Trump is scheduled to meet with Saudi King Salman and members of the royal family on Saturday. On Sunday, he is expected to meet with leaders from the Gulf Cooperation Council and lunch with more than 50 Arab and Islamic leaders.
During a speech to Coast Guard cadets this week, Trump said that in his meeting with Muslim leaders he would “challenge them to fight hatred and extremism, and embrace a peaceful future for their faith.”
Trump will call for unity in the fight against radicalism in the Islamic world and avoid the tough anti-Muslim language from his presidential campaign, the Associated Press reported on Friday, citing a draft of his Sunday speech.
“We are not here to lecture — to tell other peoples how to live, what to do or who to be. We are here instead to offer partnership in building a better future for us all,” the draft address reads.
In addition to Saudi Arabia, the Trump delegation also will visit Jerusalem, the Vatican, Brussels and Sicily before heading back to Washington.
“The trip has three core purposes,” National Security Adviser H.R. McMaster has explained. “First, to reaffirm America’s global leadership. Second, to continue building key relationships with world leaders. And, third, to broadcast a message of unity to America’s friends and to the faithful of three of the world’s greatest religions.”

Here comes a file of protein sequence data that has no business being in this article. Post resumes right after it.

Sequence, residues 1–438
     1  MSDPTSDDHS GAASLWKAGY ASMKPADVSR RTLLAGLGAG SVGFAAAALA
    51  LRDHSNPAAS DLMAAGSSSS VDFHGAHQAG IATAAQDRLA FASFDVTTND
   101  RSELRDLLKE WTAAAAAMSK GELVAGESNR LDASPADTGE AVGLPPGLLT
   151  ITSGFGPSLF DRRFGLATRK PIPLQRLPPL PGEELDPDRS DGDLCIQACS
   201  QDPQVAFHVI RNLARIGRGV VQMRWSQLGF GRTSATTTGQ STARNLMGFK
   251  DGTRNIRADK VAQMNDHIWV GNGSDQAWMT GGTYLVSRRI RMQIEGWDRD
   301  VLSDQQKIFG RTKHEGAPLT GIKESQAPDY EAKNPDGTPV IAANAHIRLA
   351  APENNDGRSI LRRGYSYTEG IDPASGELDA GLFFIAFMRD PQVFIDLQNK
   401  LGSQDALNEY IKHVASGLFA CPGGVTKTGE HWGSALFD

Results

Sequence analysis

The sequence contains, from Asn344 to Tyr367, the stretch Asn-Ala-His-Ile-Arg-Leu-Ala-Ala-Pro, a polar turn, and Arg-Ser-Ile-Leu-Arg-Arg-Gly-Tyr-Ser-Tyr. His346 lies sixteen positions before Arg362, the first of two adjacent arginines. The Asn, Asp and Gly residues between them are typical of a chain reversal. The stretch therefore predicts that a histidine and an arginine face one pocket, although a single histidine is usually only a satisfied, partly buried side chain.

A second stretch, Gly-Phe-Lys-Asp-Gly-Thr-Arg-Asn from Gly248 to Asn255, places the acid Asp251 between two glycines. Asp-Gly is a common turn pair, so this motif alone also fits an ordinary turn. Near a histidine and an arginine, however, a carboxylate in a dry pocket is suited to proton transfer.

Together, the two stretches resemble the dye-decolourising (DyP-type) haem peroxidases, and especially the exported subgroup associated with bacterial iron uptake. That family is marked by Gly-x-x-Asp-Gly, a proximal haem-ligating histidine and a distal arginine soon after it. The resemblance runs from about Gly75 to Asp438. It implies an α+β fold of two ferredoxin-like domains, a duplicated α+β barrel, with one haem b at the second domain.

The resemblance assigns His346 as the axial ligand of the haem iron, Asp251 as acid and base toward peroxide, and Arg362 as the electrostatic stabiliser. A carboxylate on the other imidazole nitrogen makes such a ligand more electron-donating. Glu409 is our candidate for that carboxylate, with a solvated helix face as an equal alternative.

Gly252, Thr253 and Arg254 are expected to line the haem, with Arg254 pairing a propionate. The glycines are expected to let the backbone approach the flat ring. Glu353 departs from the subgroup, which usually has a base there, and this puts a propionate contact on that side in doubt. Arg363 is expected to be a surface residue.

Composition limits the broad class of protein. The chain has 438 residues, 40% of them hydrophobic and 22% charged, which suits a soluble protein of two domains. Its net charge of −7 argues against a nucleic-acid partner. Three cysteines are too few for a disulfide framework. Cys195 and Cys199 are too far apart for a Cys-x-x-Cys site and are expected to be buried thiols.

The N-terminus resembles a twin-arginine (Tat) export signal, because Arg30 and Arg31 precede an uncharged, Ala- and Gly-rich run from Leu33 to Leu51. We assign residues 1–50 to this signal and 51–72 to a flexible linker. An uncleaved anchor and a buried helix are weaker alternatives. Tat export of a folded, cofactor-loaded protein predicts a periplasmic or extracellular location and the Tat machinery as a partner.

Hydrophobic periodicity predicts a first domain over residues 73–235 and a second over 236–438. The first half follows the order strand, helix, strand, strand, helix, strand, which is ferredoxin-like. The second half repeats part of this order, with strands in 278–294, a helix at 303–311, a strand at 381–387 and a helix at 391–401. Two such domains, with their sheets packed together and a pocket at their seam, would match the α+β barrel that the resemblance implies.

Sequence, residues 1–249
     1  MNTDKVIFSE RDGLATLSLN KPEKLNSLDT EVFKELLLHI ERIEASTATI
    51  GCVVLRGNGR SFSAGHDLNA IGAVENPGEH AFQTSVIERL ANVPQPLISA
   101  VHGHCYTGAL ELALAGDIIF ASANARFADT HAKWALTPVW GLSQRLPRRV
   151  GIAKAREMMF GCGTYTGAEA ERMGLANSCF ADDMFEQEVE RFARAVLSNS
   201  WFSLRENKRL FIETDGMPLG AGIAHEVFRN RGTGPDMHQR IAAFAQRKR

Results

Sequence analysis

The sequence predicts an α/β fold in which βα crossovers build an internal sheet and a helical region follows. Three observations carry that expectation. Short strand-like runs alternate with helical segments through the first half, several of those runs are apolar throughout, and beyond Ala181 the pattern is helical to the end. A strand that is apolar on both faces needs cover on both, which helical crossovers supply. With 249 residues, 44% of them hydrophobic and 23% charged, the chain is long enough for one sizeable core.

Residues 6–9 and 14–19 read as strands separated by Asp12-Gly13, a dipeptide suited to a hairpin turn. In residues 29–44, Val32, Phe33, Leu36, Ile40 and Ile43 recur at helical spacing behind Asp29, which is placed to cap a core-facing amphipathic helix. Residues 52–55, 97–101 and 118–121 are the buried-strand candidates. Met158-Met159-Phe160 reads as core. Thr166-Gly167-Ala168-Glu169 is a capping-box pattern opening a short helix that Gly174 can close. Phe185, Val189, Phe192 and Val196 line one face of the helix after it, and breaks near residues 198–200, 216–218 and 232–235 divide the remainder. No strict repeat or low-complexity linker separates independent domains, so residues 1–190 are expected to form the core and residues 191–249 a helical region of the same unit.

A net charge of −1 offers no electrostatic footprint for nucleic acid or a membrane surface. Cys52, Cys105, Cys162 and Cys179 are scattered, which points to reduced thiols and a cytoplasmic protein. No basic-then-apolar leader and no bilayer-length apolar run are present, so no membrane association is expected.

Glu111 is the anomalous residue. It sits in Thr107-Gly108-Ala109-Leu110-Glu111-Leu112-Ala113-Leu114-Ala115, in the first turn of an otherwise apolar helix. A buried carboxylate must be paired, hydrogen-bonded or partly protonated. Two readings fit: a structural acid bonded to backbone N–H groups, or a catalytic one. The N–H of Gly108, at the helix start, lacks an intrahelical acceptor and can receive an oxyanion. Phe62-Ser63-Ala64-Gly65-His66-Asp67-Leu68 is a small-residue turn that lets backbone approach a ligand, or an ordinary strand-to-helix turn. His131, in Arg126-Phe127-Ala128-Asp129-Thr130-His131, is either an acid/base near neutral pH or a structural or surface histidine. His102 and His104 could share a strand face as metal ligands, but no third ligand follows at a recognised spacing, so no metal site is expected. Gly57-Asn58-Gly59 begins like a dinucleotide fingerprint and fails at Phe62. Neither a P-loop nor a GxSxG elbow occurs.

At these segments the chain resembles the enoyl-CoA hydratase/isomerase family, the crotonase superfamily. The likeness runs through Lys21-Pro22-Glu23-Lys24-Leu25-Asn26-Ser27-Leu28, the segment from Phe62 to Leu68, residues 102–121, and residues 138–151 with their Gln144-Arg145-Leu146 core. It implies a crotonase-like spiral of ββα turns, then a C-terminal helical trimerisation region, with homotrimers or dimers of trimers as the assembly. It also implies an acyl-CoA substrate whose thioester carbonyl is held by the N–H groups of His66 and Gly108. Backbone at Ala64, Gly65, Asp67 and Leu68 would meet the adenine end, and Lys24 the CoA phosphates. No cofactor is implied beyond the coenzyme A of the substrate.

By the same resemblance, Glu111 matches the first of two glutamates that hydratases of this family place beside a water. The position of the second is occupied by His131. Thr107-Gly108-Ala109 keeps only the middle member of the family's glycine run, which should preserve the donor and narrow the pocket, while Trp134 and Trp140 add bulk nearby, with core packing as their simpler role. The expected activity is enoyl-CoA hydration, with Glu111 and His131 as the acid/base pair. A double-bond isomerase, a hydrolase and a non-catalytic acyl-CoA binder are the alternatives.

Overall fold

Noting that Trump “campaigned on national security and getting rid of ISIS,” Zudhi Jasser, founder and president of the American Islamic Forum for Democracy, said “it makes sense” for him start in Saudi Arabia. Still, Jasser is worried that the Trump Team has been talking up an “Arab NATO,” because unlike many Middle Eastern nations, NATO member nations are democracies.
The Saudis have reason to see Trump as potentially a formidable ally. For one thing, Trump was highly vocal in his opposition to President Barack Obama’s nuclear deal with Iran; the Saudis strongly opposed that deal. Also, they “thought that Obama was too disengaged” in the region, according to Simon Henderson of the Washington Institute for Near East Policy.
When Obama visited Riyadh in 2016, King Salman snubbed him by sending a prince to greet the U.S. president at the airport, while the King greeted other world leaders personally.
McMaster said Trump will use this visit to show that “America First does not mean America alone. To the contrary, prioritizing American interests means strengthening alliances and partnerships that extend our influence and improve the security of the American people.”
Controversy in Israel
Controversy likely will greet Trump when he lands in Tel Aviv on Monday. In Israel, Trump has telegraphed, “I’ll reaffirm our unbreakable alliance with the Jewish state.”
As a candidate, Trump promised to move the U.S. Embassy from Tel Aviv to Jerusalem – a city that Israelis and Palestinians both see as their capital. Under the Jerusalem Embassy Act of 1995, Trump has until June to decide whether to sign a waiver to keep the embassy where it is.